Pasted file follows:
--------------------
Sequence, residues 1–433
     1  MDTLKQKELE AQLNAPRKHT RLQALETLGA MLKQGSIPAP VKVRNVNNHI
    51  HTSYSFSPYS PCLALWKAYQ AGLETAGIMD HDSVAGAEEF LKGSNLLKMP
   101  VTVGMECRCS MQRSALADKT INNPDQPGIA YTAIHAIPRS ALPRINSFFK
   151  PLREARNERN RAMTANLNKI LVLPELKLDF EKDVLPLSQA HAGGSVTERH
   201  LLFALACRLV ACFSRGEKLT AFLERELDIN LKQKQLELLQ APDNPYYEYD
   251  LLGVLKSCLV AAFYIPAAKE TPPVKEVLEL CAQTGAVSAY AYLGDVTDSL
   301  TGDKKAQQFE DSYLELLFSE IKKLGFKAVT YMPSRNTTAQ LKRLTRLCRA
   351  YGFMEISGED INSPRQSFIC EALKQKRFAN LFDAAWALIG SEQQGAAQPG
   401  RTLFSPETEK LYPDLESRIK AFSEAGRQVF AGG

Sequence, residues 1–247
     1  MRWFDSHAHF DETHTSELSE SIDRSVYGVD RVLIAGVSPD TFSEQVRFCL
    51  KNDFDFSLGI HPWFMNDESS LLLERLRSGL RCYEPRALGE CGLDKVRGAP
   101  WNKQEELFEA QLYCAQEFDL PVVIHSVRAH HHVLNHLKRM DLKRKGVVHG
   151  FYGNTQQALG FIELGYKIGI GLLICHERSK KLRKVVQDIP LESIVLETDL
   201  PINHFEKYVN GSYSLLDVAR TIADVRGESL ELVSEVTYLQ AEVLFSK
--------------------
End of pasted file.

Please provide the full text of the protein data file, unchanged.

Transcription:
Sequence, residues 1–433
     1  MDTLKQKELE AQLNAPRKHT RLQALETLGA MLKQGSIPAP VKVRNVNNHI
    51  HTSYSFSPYS PCLALWKAYQ AGLETAGIMD HDSVAGAEEF LKGSNLLKMP
   101  VTVGMECRCS MQRSALADKT INNPDQPGIA YTAIHAIPRS ALPRINSFFK
   151  PLREARNERN RAMTANLNKI LVLPELKLDF EKDVLPLSQA HAGGSVTERH
   201  LLFALACRLV ACFSRGEKLT AFLERELDIN LKQKQLELLQ APDNPYYEYD
   251  LLGVLKSCLV AAFYIPAAKE TPPVKEVLEL CAQTGAVSAY AYLGDVTDSL
   301  TGDKKAQQFE DSYLELLFSE IKKLGFKAVT YMPSRNTTAQ LKRLTRLCRA
   351  YGFMEISGED INSPRQSFIC EALKQKRFAN LFDAAWALIG SEQQGAAQPG
   401  RTLFSPETEK LYPDLESRIK AFSEAGRQVF AGG

Sequence, residues 1–247
     1  MRWFDSHAHF DETHTSELSE SIDRSVYGVD RVLIAGVSPD TFSEQVRFCL
    51  KNDFDFSLGI HPWFMNDESS LLLERLRSGL RCYEPRALGE CGLDKVRGAP
   101  WNKQEELFEA QLYCAQEFDL PVVIHSVRAH HHVLNHLKRM DLKRKGVVHG
   151  FYGNTQQALG FIELGYKIGI GLLICHERSK KLRKVVQDIP LESIVLETDL
   201  PINHFEKYVN GSYSLLDVAR TIADVRGESL ELVSEVTYLQ AEVLFSK